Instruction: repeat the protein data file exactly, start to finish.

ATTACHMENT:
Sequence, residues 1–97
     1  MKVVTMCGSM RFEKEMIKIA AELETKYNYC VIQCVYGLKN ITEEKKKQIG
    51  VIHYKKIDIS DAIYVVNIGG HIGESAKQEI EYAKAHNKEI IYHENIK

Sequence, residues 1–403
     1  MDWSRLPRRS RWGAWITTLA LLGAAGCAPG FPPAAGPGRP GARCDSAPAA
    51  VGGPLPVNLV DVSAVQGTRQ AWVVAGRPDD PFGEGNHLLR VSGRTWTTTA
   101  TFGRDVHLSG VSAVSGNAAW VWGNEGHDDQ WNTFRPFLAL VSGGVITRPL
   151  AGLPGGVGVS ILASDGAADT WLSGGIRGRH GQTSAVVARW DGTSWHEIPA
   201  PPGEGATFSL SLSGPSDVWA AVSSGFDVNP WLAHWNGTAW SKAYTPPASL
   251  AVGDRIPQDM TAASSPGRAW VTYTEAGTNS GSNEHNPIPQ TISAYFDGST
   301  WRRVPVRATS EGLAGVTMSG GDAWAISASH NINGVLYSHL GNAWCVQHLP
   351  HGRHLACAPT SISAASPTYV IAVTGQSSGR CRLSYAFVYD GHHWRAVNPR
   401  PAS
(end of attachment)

Sequence, residues 1–97
     1  MKVVTMCGSM RFEKEMIKIA AELETKYNYC VIQCVYGLKN ITEEKKKQIG
    51  VIHYKKIDIS DAIYVVNIGG HIGESAKQEI EYAKAHNKEI IYHENIK

Sequence, residues 1–403
     1  MDWSRLPRRS RWGAWITTLA LLGAAGCAPG FPPAAGPGRP GARCDSAPAA
    51  VGGPLPVNLV DVSAVQGTRQ AWVVAGRPDD PFGEGNHLLR VSGRTWTTTA
   101  TFGRDVHLSG VSAVSGNAAW VWGNEGHDDQ WNTFRPFLAL VSGGVITRPL
   151  AGLPGGVGVS ILASDGAADT WLSGGIRGRH GQTSAVVARW DGTSWHEIPA
   201  PPGEGATFSL SLSGPSDVWA AVSSGFDVNP WLAHWNGTAW SKAYTPPASL
   251  AVGDRIPQDM TAASSPGRAW VTYTEAGTNS GSNEHNPIPQ TISAYFDGST
   301  WRRVPVRATS EGLAGVTMSG GDAWAISASH NINGVLYSHL GNAWCVQHLP
   351  HGRHLACAPT SISAASPTYV IAVTGQSSGR CRLSYAFVYD GHHWRAVNPR
   401  PAS